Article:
When: The first two to three weeks of May are best for spring migrants.

Birds: At Greer Spring, 157 bird species have been spotted, including Cerulean, Prothonotary, Swainson's, and Tennessee Warblers; Louisiana and Northern Waterthrushes; Warbling, White-eyed, Red-eyed, and Philadelphia Vireos; and migrating thrushes, including Gray-cheeked.

Insider tip: The Dairy Palace in Alton is a great place to stop for lunch or ice cream. If you're planning a multi-day exploration of Mark Twain National Forest, consider staying at the Greer Crossing Recreation Area campground.

Nearby birding: Surrounding locations on the Great Missouri Bird Trail include: Tingler Prairie Conservation Area, Mudpuppy Conservation Area, Eleven Point National Scenic River, and Cover Prairie Conservation Area.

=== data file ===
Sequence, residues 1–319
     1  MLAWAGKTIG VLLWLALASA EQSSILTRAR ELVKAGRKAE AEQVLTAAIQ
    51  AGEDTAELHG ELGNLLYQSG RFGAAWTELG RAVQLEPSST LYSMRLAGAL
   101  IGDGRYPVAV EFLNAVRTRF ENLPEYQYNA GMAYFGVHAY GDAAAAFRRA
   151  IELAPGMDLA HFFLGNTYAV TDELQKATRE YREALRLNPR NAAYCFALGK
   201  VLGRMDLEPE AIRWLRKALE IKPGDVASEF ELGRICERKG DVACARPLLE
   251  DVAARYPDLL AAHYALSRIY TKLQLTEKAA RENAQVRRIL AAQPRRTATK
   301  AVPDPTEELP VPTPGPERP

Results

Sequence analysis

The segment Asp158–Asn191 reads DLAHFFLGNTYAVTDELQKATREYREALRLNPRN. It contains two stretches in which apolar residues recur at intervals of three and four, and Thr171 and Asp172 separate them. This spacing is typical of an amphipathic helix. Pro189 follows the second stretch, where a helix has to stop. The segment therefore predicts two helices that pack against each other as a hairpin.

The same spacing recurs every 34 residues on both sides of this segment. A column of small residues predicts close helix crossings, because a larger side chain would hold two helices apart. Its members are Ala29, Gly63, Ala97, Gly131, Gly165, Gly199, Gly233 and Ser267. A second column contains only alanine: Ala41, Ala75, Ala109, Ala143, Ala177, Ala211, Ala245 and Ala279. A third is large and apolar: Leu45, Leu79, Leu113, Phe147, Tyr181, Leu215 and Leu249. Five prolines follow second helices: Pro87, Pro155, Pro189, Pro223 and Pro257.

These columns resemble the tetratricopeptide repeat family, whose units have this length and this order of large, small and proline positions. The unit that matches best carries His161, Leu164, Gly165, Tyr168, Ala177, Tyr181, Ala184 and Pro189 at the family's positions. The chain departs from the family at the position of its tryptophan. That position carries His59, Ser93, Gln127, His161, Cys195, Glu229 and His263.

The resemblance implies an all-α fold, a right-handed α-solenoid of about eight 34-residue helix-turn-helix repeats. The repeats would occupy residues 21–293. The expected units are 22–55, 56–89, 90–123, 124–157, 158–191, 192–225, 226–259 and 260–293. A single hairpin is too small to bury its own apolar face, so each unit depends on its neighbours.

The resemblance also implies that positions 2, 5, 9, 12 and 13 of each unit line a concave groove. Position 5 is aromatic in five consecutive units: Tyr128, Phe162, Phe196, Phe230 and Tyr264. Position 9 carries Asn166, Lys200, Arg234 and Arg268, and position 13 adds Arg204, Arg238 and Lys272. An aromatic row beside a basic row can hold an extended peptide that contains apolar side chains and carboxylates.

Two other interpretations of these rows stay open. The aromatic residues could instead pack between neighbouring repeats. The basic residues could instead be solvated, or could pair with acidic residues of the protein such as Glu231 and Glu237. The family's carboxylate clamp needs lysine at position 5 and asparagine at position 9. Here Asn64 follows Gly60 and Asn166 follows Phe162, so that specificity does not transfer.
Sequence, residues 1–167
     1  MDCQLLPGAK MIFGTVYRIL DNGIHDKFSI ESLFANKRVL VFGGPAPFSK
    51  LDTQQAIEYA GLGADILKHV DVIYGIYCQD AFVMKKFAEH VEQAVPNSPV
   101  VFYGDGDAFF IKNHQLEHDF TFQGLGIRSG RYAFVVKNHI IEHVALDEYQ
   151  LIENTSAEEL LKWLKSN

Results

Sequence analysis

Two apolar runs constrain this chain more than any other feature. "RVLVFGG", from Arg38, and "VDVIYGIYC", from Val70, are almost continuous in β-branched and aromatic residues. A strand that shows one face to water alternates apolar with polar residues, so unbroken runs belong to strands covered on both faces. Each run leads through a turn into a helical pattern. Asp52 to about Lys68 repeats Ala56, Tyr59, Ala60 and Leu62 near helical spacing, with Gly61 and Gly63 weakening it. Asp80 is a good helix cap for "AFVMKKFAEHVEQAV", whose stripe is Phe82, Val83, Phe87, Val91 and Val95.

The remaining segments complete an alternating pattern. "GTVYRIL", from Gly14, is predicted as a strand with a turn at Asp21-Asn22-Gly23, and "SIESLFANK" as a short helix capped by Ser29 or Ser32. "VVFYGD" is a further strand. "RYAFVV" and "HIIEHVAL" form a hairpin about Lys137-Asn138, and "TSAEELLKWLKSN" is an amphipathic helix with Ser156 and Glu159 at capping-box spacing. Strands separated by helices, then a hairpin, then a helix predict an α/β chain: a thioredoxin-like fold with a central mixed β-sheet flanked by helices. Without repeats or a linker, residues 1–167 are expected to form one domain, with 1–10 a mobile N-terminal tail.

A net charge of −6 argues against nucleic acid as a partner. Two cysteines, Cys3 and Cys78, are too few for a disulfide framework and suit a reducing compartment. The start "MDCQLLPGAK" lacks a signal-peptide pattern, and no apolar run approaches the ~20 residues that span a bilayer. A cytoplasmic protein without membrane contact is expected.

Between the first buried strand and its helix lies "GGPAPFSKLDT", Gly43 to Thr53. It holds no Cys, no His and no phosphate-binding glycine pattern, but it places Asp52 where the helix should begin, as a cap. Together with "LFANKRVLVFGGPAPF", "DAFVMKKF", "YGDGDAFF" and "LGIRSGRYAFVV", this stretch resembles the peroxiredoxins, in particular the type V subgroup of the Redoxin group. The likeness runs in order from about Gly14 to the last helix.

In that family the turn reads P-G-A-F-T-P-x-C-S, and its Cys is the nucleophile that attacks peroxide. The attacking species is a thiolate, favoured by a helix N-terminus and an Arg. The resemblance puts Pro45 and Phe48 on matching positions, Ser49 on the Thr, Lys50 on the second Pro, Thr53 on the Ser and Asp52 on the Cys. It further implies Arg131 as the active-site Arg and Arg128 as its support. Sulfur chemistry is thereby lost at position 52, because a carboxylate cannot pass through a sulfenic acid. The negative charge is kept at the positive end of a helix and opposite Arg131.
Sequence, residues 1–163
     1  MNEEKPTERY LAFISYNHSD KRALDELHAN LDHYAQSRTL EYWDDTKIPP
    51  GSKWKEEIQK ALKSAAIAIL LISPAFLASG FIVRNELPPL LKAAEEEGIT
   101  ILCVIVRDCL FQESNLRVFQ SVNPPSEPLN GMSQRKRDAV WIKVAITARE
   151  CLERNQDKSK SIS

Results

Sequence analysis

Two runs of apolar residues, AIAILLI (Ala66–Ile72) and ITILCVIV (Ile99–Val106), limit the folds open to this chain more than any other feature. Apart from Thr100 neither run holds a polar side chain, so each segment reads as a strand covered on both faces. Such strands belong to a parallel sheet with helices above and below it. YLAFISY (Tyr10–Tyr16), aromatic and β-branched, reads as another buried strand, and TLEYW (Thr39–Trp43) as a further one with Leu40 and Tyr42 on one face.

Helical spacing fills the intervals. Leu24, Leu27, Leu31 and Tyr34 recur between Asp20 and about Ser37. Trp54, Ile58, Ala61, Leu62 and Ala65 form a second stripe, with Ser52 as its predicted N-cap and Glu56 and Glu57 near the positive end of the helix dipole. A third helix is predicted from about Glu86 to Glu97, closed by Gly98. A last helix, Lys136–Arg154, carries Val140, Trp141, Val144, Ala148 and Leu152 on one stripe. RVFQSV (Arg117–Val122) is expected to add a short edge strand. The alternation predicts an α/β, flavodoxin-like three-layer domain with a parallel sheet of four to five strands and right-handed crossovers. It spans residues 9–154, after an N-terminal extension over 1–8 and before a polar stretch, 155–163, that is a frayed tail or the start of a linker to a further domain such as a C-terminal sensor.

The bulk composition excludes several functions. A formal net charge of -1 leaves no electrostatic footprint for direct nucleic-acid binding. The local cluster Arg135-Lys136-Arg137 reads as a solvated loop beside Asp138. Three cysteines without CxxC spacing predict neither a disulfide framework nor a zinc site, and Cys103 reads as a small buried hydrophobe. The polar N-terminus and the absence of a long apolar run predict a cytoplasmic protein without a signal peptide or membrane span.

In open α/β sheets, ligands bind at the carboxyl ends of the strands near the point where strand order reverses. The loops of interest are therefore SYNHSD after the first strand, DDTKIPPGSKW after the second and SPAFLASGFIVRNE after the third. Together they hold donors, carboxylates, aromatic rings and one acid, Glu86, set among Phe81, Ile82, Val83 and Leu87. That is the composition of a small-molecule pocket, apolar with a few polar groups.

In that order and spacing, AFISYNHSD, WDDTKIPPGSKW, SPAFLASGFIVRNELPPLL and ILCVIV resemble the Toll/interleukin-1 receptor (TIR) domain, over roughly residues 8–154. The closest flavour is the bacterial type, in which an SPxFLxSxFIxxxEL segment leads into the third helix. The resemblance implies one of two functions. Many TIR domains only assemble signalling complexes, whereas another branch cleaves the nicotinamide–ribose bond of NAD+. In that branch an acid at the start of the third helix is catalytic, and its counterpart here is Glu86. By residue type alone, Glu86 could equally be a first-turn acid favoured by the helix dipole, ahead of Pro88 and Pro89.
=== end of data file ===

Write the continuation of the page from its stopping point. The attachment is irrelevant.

Conservation: ABC's local partner, the Central Hardwoods Joint Venture, has been working with the Mark Twain National Forest both to support the restoration of over 100,000 acres of pine woodland for priority bird species, as well as to protect breeding habitat for the Cerulean Warbler in the Current River watershed.

Bolivar Flats Shorebird Sanctuary
Reddish Egret. Photo by Ivan Kuzmin/Shutterstock.

Reddish Egret. Photo by Ivan Kuzmin/Shutterstock.

Where: Port Bolivar, Texas

What: Located at the southernmost point of Texas' Bolivar Peninsula, Bolivar Flats is a dynamic coastal habitat comprised of salt marsh, mudflats, and sandy beach. The sanctuary is managed by the Houston Audubon Society and is a Western Hemisphere Shorebird Reserve Network site and a Global Important Bird Area.